Access to child care critically needed in Northern New York | Public Service News


Child care can be difficult to find for parents in the north country.

According to Cathy Brodeur, the director of the Jefferson-Lewis Childcare Project that is part of the Community Action Planning Council, availability of child care services in the north country is critical and lacking. There is a severe shortage of home-based child care affecting parents and communities in a variety of ways.

“There are not enough slots for the number of children that need care,” she said. “This puts parents in a position where they’re trying to figure out, ‘Should I go to work? Should I have my child in child care? Should I leave them with the next-door neighbor, should I change their care arrangement every day and just patch things together?’ It puts parents in an awful position.”

Joanna Habermann, director of community services at Jefferson Community College, said the lack of available slots in the area has lead the north country to a “child care desert” designation.

NNY is lacking in child care


Ms. Brodeur said the wake-up call for the area was at the beginning of the COVID-19 pandemic. As workplaces and schools closed, parents were suddenly left with no options for child care and with jobs still to attend.

“School fills a child care need,” according to Ms. Brodeur, and gives parents the ability and opportunity to go to work each day without worrying where their children are and if they are being taken care of while the parents are away.

At a national average of more than $200 a week, according to, the cost of child care can be prohibitive to many families. This can force a two-parent household to decide if one of them needs to stay home, or if they can shuffle their child between houses each day so they have supervision while the parents are working.

CAPC, in conjunction with Jefferson and Lewis counties and the economic development agencies in each county, has been recruiting providers to open at-home child care recently. The counties, according to Ms. Brodeur, gave the CAPC money to set up funds to train providers and pay for repairs in their homes so they can pass inspections to be certified.

“The county pays through this fund for supplies when they open,” Ms. Brodeur said. “And we go out and we help them put together a list of supplies, toys and materials that they need” until the new home-based child care places are well established and can cover their own costs.

While rewarding, becoming an at-home child care provider is also difficult. There is a process which includes becoming licensed to have children in your home and “a lot of education and training that goes into it, and it’s a business,” Ms. Habermann said.

There are eight child care centers in Jefferson County and one in Lewis, but Ms. Brodeur said there needs to be more at-home child care options available. The larger centers support more densely populated areas like Watertown, but remote places and small towns need access to child care without having to drive far.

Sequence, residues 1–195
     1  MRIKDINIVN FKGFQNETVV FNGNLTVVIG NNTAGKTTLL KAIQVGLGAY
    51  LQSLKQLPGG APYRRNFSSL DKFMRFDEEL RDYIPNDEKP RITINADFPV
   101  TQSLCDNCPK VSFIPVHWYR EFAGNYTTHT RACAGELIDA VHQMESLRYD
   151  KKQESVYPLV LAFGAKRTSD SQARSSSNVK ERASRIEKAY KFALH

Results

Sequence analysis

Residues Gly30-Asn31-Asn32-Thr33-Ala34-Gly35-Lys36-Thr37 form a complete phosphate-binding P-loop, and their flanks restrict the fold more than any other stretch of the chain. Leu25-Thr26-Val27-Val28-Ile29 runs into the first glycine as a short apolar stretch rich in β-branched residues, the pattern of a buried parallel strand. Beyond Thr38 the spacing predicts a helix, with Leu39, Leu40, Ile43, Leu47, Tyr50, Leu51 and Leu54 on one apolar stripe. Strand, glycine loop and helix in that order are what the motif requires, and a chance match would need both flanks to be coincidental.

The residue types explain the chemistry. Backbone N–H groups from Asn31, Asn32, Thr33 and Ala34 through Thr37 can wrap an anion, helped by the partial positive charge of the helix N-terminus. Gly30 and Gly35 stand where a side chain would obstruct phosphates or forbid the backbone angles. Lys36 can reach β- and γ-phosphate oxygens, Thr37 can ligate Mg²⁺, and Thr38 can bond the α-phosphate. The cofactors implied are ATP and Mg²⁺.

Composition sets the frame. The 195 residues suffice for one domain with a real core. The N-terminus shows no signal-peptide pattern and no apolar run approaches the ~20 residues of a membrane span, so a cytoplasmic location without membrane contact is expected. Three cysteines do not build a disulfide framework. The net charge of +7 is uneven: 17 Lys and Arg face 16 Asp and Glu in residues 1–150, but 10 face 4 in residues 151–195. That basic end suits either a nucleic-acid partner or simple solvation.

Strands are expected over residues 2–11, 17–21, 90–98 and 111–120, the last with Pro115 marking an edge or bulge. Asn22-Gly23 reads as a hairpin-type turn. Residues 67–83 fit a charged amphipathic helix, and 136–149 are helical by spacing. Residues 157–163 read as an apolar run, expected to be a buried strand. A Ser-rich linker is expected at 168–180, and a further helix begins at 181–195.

“We really need new people in Carthage, and we really need new people in Black River,” Ms. Brodeur said. Child care is also especially scarce in southern and northern Jefferson County. There is currently no family child care home in the village of Sackets Harbor, Cape Vincent or Alexandria Bay, according to Ms. Brodeur.

To draw people in to being at-home child care providers, Ms. Brodeur said the CAPC’s referral specialist will sometimes ask people looking for child care if they have ever considered doing it themselves if the parent lives in a place without easy access to child care.

The CAPC has also partnered with Jefferson Community College, the Small Business Development Center, Jefferson County Economic Development and Naturally Lewis to do at-home child care training programs. JCC has sent more than 30,000 mailers with ads to draw attention to “this program for people who want to open a child care business in their home.”

JCC has also put together a promotional video touting the benefits of becoming an at-home child care provider, which it plans to release on social media and other platforms. The college hopes to run another child care training program next year, which is offered as “100% free programming to our program participants,” according to Ms. Habermann.

“The dream is that more folks consider early childhood as a career pathway, whether that’s working at a center or opening the business in their home or going through formal education and getting into the school districts,” Ms. Habermann said. “There is a need overall for more of our workforce to do that, and we can get our adult workers in to do a business by educating them and providing resources support to do that.”

To assist families paying for child care, the state Office of Children and Family Services has expanded eligibility to include families of four that make up to $83,250 a year.

Ms. Brodeur also suggested businesses could support child care sites and families with children who need those services by buying several open slots from child care providers for their employees to use.

Having more child care available also benefits the economy. It allows parents to put their children into programs so they can both work, and more people in the workforce as child care providers.

“Attracting businesses here is very difficult without child care,” Ms. Brodeur said. “It’s a great place to live, it’s a very family friendly area. But it’s not so business friendly because the infrastructure to support workers is just not there.”

To become an at-home child care provider, you can call the CAPC at 315-782-4900, ext. 229 for assistance. You can also go online at and follow the links to start the journey to become a child care provider in your area.

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